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Tuesday, February 21, 2012

Democracy & Capitalism- Its Time to Adapt !

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I wrote a post in March last year hoping that 2011 will be remembered as an year of Democracy. Things changed significantly since then. Though nothing concrete has been achieved yet, but we have taken a giant leap in its truest sense. Call it a coincidence, but somehow then I felt that the winds of change which began blowing from the deserts of Middle East can sweep the globe and can potentially bring change, for the good!

Below is the brief excerpt of the article written year ago -
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2011 will be remembered as the year of democratic reforms, reforms by the people, for the people, as it was meant to be. 2011 will also be remembered for the pace at which these reforms/ uprising/ revolutions have materialized. Let us leave the task of categorizing these events as people's reforms/ uprising/ revolution to historians, but what is more important is the fact that Arab nations which were never associated with ( in popular media, stereotypes) a place where free will, free speech prevails can embrace democracy. So whatever was considered impossible, is actually possible !

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As we are venturing into 2012, we feel more optimistic then we were couple of years before. Greed and lust for power and money bred anger and hopelessness. In 2011 we saw a controlled outburst of this anger caused by acute state of hopelessness, which slowly gave us the much needed hope and belief in ourselves ! We saw what  a common man in Syria and India can achieve.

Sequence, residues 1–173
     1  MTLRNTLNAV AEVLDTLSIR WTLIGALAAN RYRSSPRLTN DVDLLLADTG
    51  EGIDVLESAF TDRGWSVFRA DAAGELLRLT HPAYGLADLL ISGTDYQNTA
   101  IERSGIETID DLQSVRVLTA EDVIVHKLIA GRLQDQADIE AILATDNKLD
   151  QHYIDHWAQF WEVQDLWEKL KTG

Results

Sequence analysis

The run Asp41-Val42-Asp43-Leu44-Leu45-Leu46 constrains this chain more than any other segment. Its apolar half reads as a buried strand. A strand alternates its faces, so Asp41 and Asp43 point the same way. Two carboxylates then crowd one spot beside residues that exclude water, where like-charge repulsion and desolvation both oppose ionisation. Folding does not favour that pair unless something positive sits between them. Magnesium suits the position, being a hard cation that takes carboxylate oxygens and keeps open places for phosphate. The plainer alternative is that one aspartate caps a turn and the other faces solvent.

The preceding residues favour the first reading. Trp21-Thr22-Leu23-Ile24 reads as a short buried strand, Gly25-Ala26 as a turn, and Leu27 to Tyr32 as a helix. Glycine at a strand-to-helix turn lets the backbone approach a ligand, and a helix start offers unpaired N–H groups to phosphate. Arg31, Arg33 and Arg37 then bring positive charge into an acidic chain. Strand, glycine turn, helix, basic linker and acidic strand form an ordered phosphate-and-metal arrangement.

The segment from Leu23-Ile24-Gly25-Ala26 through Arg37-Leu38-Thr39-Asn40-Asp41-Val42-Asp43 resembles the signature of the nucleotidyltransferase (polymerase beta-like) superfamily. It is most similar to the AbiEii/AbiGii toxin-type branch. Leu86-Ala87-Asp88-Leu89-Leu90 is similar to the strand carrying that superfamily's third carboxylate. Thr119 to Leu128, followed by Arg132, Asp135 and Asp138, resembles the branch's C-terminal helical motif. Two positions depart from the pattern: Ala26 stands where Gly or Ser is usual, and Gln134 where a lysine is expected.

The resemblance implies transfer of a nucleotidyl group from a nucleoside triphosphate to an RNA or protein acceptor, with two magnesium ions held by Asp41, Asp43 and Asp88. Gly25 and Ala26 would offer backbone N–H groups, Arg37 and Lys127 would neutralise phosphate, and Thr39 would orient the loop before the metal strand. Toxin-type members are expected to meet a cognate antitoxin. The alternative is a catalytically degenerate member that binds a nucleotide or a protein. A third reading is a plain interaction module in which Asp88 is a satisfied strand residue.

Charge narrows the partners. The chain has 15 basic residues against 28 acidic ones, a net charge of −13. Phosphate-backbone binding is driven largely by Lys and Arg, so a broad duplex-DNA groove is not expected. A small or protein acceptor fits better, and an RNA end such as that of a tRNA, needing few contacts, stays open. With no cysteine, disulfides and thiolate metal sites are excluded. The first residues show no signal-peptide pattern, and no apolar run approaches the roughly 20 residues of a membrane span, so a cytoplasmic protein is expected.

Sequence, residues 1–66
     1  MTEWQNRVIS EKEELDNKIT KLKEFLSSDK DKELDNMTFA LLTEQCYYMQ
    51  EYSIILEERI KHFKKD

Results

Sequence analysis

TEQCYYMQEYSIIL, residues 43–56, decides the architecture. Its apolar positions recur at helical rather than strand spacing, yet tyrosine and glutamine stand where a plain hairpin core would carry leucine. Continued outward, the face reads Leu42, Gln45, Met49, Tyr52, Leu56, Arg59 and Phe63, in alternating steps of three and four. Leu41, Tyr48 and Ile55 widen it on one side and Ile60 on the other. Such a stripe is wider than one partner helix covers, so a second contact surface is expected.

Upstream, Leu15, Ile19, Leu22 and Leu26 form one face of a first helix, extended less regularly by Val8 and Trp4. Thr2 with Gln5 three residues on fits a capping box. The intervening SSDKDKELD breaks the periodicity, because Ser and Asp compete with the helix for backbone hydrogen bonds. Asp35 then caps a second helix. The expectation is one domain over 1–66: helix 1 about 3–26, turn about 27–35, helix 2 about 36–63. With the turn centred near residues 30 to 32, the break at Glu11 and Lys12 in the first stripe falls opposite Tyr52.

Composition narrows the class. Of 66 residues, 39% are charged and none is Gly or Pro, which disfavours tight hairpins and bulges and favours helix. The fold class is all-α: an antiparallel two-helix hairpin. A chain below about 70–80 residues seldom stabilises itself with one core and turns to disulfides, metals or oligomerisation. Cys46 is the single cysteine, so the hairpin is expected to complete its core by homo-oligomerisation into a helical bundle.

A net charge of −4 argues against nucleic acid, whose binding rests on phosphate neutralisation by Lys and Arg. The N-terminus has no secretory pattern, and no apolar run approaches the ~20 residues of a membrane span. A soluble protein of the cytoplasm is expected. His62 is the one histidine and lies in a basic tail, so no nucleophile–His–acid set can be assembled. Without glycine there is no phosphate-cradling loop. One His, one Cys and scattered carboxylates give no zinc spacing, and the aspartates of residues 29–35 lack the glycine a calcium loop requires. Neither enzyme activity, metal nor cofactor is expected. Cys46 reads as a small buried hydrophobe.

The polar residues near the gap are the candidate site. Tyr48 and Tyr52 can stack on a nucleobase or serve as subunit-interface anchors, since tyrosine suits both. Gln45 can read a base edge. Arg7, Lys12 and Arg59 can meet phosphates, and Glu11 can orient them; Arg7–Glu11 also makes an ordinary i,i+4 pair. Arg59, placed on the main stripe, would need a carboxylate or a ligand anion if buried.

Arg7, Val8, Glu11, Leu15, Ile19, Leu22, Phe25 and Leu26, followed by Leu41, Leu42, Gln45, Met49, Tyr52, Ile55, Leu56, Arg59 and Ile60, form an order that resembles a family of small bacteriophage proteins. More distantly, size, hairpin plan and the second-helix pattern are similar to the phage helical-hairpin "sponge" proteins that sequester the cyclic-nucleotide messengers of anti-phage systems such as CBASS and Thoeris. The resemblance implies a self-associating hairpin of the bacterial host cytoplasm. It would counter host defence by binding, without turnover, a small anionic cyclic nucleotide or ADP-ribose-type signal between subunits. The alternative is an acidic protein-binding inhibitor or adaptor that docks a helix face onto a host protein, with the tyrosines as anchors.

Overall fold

Post World War II, Democracy and Capitalism have stopped evolving and past 2 years have highlighted significant flaws in both the systems. We always thought that these systems are perfect but slowly we ourselves discovered the severe shortcomings in both. What started on Wall Street ended up in ballot boxes of Middle East and soon it will be extended to ballot boxes in US and India.

In past few years, Democracy and Capitalism have learnt a lessons from each other.
We all are aware of the founding principles of Democracy - by the people, of the people and for the people. Easier said, wrote, discussed then executed. Democracy which was supposed to be all inclusive, equally beneficial to all has been grossly misused by a handful of people in almost any country of the world post second World War. Though we are living in a Era of Information, but still we cast our votes, select our rulers, government based on our age old instincts.

The premise of Capitalism lies on maximizing the benefits of the all the stakeholders in proportion of their stakes. Capitalism appreciates merits, pays for hard work. If Democracy (i.e We the People) truly starts appreciating the hard-work, fire the unworthy, identify and reward based on merit and not on birth, color or sex, things can change significantly over next few decades. A lot of problems about governance and corruption which democracy bred, knowingly or unknowingly can be solved if Democracy borrows few ideologies from Capitalism.

Capitalism though promotes merit, has remained highly selective and restrictive at times. Lot of people worked hard for generations, but remained poor, lost their voice. Capitalism enthroned 'selected few' on the other end of the spectrum. The 'selected few' grew rich, powerful, untouchable and even mightier than the democratic governments.

The gap between those sitting at Zenith and Nadir in both the systems, Democracy and Capitalism has increased exponentially in past few decades.

ultimately took a nose-dive off from the peak tasting dust. If Capitalism can be more inclusive and participatory, open and accountable as Democracy is, lot of problems of greed, financial crimes and corruption can be solved in a jiffy.

Quiet surprisingly, more than 15% of the people in the world do not seems to care about either. Lets see for how long !!

I am sure in years ahead will be bit more Democratic and a bit less Capitalistic!




14 comments: